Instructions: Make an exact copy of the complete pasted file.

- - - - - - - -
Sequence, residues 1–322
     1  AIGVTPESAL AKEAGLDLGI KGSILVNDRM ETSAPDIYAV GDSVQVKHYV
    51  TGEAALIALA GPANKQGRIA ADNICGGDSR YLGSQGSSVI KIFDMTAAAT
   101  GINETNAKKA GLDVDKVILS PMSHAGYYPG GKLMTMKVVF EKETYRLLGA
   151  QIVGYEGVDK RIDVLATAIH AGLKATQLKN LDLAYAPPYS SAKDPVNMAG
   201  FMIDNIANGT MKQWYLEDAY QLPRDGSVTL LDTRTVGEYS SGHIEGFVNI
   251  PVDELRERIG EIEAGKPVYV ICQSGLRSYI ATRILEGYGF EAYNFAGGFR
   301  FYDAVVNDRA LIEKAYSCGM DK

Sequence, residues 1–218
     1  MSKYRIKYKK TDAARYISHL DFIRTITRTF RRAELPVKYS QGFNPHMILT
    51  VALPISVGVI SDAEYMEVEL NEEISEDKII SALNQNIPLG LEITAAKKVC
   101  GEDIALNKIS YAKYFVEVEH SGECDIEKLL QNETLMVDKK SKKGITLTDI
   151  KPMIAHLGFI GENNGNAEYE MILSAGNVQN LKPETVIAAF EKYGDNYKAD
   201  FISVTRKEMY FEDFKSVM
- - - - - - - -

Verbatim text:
Sequence, residues 1–322
     1  AIGVTPESAL AKEAGLDLGI KGSILVNDRM ETSAPDIYAV GDSVQVKHYV
    51  TGEAALIALA GPANKQGRIA ADNICGGDSR YLGSQGSSVI KIFDMTAAAT
   101  GINETNAKKA GLDVDKVILS PMSHAGYYPG GKLMTMKVVF EKETYRLLGA
   151  QIVGYEGVDK RIDVLATAIH AGLKATQLKN LDLAYAPPYS SAKDPVNMAG
   201  FMIDNIANGT MKQWYLEDAY QLPRDGSVTL LDTRTVGEYS SGHIEGFVNI
   251  PVDELRERIG EIEAGKPVYV ICQSGLRSYI ATRILEGYGF EAYNFAGGFR
   301  FYDAVVNDRA LIEKAYSCGM DK

Sequence, residues 1–218
     1  MSKYRIKYKK TDAARYISHL DFIRTITRTF RRAELPVKYS QGFNPHMILT
    51  VALPISVGVI SDAEYMEVEL NEEISEDKII SALNQNIPLG LEITAAKKVC
   101  GEDIALNKIS YAKYFVEVEH SGECDIEKLL QNETLMVDKK SKKGITLTDI
   151  KPMIAHLGFI GENNGNAEYE MILSAGNVQN LKPETVIAAF EKYGDNYKAD
   201  FISVTRKEMY FEDFKSVM